Legal Aid Attorneys Talk About Positive Impact of Case Caps

The New York Law Journal is running a story today about the positive impact on representation that state-imposed caps on the number of children an attorney representing children can have in his/her caseload. Attorneys from the Juvenile Rights Practice of The Legal Aid Society were interviewed for the article.

The New York Law Journal
Caseload Cap Gives Lawyers More Time for Young Clients
By Joel Stashenko

ALBANY - A state-imposed cap that slashed by one third or more the caseloads carried by some attorneys for children in Family Court has fostered higher-quality representation in the two years since it went into effect, according to Legal Aid Society attorneys.

Busy lawyers who often have to glean information about their clients from hurried interviews and quick perusals of files in courthouse hallways report that they now have more time to attend case conferences, to file written motions and to arrange for health care, educational programs and other services to their young clients.

With the cap, "there is definitely more of a sense from people that they can actually do the job," said Amanda White, attorney-in-charge of Legal Aid's Juvenile Rights Project in the Bronx. "You see less of the triaging in hallways," Ms. White added. "In court, you see attorneys being able to respond to opposing arguments better. The more you know about the case, the better you are able to respond to the arguments and to shape a resolution that meets the need of clients." Tamara Steckler, who directs the Legal Aid program citywide, said the cap "has significantly altered our practice in a positive way."

"When you represent kids, it's not just about court practices, it's about many things—arranging for therapy or after-school programs they may qualify for," Ms. Steckler said. "Who is he living with? Who does he have contact with? It involves talking to caregivers. In order to do that, to learn about the child, you need to reach out to many collateral sources to find out about your clients and that is very time-consuming."

In particular, attorneys "are able to actually go out into the field and visit a facility or a home for the purpose of understanding their jobs and our clients' lives better," Ms. White said. The Legislature directed court administrators in 2007 to establish the cap in response to a burgeoning number of filings of child welfare proceedings, especially in the wake of the high-profile case of Nixzmary Brown, a 7-year-old Brooklyn girl who was beaten to death by her stepfather (NYLJ, April 18, 2007).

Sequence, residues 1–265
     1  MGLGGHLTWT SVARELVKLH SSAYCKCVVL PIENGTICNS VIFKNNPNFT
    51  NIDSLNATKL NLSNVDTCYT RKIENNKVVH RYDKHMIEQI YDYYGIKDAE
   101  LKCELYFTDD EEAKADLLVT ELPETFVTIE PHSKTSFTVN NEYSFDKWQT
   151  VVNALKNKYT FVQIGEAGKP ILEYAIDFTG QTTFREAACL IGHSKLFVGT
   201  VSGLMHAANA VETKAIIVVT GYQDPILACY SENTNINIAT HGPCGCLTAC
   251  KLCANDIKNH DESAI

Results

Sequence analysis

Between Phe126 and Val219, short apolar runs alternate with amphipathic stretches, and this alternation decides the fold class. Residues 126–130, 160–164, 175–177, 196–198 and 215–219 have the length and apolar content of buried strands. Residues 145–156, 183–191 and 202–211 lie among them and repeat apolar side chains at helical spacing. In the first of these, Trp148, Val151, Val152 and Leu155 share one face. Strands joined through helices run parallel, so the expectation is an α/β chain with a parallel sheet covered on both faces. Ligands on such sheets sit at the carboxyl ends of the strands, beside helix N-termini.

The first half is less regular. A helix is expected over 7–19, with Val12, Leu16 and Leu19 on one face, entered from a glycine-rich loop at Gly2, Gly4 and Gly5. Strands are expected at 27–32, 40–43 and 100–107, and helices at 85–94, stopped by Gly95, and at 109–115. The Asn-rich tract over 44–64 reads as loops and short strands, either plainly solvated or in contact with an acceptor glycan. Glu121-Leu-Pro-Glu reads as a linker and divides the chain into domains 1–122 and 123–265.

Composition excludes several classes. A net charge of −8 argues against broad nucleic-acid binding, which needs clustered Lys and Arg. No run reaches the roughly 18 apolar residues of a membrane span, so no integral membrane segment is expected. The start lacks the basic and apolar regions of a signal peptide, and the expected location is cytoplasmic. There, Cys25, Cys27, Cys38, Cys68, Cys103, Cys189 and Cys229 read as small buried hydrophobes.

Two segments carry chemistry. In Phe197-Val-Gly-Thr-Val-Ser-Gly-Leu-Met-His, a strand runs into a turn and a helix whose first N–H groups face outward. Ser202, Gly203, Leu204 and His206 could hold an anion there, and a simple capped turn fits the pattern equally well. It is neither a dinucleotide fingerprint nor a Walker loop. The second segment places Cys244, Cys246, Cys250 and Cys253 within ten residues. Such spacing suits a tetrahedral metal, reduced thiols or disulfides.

The administrative board of the state courts, comprised of the chief judge and the four presiding Appellate Division justices, set the limit of 150 cases, effective on April 1, 2008. (Higher limits are permitted in some cases where attorneys are representing more than one child from a single family or where their cases are not complex.)

Legislation originally proposed a cap of 125 clients, but court administrators sought and obtained the flexibility to establish the ceiling after studying the system.

The new ceiling applies statewide, but has had its biggest impact in New York City. When the caps were introduced, Ms. Steckler estimated that her attorneys carried an average of 220 cases and that some caseloads approached 300. Legal Aid represents more than 30,000 young people each year, with particularly heavy caseloads in Brooklyn and the Bronx.

The new standards apparently have not slowed court proceedings. Steven Banks, attorney-in-chief of Legal Aid, said the group was able to hire 35 more lawyers and five more attorney supervisors with an infusion of $5 million in additional state funding. The added funding has been maintained despite the state's fiscal problems.

Legal Aid now has 172 staff attorneys and 30 managing attorneys working on child welfare, delinquency and PINS matters.

"It's been a tremendous step forward for children who now can be represented by lawyers with more appropriate caseloads," Mr. Banks said.

The law establishing the case caps directs the state's chief administrative judge, Ann Pfau (See Profile), to study the impact of the limits and report back to the Legislature by the end of this year.

In a recent interview, Judge Pfau said she has heard anecdotally that the caps have made it easier for attorneys to be available for court appearances and to be accessible to judges for conferences and related proceedings.

"Both the attorneys and the judges are seeing that it has had a very positive impact," Judge Pfau said in a recent interview.

Judge Edwina Richardson-Mendelson (See Profile), administrative judge of New York City Family Court, said the judges she has asked about the change have not seen a "discernible" difference so far in the quality of legal practice. But she suggested that could be because lawyers were vigorously advocating for children before imposition of the limits, despite being overworked in some instances.

Court administrators also have set a schedule to introduce caseload caps for attorneys representing indigent criminal defendants in New York City by 2014 of no more than 150 felonies or 400 misdemeanors in a 12-month period (NYLJ, March 11).

The National Association of Counsels for Children has recommended that court-appointed attorneys represent no more than 100 clients at one time. With a cap of 150 cases, attorneys in the Bronx still face a formidable task, said Ms. White.

"Listen, it's still 150 clients, and for 150 clients with the level of need we see here, it is still more work than anyone can do," she said. "But I definitely see many fewer people who are feeling like they cannot do their jobs than before."